Salt Lake City is my north star that radiates outward. Castle Valley is south. Jackson Hole is north. Draw a line and these are my trajectory points of habitation in the Interior West: Colorado Plateau, Great Basin, Northern Rockies.
BTW: Do you see an overlap of green/ecology issues with support for local businesses?
TTW: A sense of place creates an ethic of place. Diversity is essential to sustainability. This is true in "steps to an ecology of mind" as well as sustaining local healthy economies. Local foods, farmer's markets, green business practices, and businesses supporting green initiatives alongside wilderness issues surrounding public lands -- all contribute to an ethic of place. I see these joint efforts of sustainability as a mosaic, taking the various pieces and creating something whole and beautiful.
BTW: How does your community work tie into your writing? Are these separate projects or all of a piece?
TTW: My life as a writer is a life engaged. I write out of my passions and obsessions, which try to see "the pattern that connects." I write out of a politics of place as one deeply rooted to place. I see economic issues as environmental issues as issues of social justice, no separation. So often, we compartmentalize our lives, put our various roles and concerns in boxes. I cannot do this. My life is a gesture toward wholeness, an expression on the page and in the world of beauty, democracy, and surrounding the questions that will not allow me to sleep. I believe in conversation that opens hearts rather than closes them. I believe in engagement and participation. As a writer, I try not to avert my gaze from those issues that are at the center of a compassionate society, even if they are painful ones, be it cancer caused as a result of nuclear testing or oil and gas leases put up for sale on fragile desert lands. For me, writing is a process of exposure and discovery. It is an open letter to my community. It is a mirror that can reflect both the injustices and graces of the world we live in.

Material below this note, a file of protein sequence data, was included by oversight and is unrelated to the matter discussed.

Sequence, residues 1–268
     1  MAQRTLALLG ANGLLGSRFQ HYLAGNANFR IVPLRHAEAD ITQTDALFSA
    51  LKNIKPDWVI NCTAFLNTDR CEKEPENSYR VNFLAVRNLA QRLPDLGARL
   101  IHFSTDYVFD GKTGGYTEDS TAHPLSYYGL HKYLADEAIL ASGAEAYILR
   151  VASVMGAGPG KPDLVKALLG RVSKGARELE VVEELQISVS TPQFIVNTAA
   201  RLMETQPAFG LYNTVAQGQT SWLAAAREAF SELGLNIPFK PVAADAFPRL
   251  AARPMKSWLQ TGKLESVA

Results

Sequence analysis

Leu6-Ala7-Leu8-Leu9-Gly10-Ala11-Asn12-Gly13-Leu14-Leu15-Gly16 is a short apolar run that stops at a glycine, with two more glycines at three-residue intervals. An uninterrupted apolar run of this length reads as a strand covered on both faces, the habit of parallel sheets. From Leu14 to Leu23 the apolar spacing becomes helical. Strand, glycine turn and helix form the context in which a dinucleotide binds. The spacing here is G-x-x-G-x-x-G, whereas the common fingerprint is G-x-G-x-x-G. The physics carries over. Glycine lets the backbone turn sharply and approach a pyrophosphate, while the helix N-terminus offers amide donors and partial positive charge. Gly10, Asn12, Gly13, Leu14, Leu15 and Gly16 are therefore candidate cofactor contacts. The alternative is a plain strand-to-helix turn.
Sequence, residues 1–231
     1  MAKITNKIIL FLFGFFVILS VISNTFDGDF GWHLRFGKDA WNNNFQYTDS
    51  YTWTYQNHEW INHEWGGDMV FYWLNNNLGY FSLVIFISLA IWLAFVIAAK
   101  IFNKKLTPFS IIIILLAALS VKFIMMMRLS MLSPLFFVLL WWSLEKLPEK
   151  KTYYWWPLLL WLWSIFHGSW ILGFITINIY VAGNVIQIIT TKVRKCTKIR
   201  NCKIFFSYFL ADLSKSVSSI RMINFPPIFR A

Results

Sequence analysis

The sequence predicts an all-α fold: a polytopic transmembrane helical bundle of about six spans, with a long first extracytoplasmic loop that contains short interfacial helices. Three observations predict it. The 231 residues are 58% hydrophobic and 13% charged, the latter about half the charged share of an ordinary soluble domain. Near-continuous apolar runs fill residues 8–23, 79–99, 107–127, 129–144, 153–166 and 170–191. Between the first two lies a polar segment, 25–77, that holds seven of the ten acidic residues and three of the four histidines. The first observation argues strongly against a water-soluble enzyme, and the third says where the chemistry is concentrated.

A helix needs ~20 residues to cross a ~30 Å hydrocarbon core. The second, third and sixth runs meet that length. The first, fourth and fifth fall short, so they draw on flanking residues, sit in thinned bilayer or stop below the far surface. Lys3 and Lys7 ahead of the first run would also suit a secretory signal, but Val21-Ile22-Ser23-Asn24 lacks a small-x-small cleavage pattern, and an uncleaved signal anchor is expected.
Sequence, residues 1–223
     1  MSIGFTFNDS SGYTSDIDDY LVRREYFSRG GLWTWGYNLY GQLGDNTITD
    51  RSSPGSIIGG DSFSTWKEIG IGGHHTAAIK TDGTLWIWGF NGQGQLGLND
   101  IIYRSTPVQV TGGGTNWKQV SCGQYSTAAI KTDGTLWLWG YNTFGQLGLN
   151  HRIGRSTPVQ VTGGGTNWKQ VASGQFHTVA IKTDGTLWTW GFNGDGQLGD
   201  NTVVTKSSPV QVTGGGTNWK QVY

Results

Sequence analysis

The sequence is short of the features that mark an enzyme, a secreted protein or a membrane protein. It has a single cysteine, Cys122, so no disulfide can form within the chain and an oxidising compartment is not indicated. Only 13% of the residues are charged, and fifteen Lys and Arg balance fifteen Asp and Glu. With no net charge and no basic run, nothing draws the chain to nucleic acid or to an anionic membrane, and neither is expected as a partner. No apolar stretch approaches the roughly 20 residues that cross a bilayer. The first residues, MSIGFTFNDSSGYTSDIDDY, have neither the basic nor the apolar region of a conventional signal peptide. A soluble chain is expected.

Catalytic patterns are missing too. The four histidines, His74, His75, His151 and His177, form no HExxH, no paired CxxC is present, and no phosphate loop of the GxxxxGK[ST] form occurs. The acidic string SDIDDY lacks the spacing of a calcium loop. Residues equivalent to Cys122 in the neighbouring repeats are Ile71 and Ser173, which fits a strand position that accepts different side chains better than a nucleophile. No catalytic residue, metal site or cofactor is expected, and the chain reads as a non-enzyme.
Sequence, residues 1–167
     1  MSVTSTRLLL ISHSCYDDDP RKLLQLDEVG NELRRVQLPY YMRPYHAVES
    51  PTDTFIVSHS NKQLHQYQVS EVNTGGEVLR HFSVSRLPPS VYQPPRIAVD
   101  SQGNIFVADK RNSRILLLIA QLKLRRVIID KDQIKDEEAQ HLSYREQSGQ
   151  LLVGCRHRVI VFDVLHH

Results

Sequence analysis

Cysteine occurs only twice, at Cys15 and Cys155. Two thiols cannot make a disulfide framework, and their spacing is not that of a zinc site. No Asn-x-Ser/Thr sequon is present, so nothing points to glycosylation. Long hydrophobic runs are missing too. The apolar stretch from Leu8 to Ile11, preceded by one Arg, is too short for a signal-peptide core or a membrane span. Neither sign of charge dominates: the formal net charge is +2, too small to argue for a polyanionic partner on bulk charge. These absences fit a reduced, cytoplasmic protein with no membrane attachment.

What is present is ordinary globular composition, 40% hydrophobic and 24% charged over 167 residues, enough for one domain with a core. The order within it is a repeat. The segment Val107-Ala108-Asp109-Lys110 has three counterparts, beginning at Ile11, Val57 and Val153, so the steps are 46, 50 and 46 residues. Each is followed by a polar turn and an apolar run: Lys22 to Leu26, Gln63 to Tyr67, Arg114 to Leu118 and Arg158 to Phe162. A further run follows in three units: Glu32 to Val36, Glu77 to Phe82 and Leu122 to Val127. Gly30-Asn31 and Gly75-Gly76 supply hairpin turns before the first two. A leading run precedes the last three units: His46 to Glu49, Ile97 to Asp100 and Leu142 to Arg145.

BTW: How would you describe your most recent book, Finding Beauty in a Broken World (Pantheon)?
Terry Tempest Williams: Finding Beauty in a Broken World is a meditation on mosaics as both an art form and a form of integration. From the bejeweled ceilings of Ravenna, Italy, to the ecological mosaic of Utah Prairie Dogs in Bryce Canyon National Park to the literal making of mosaics out of the rubble of war for a genocide memorial in Rwanda, this is an exploration on fragmentation and wholeness. Beauty is not optional. Art is not peripheral, but a strategy for survival. Finding beauty in a broken world is creating beauty in the world we find.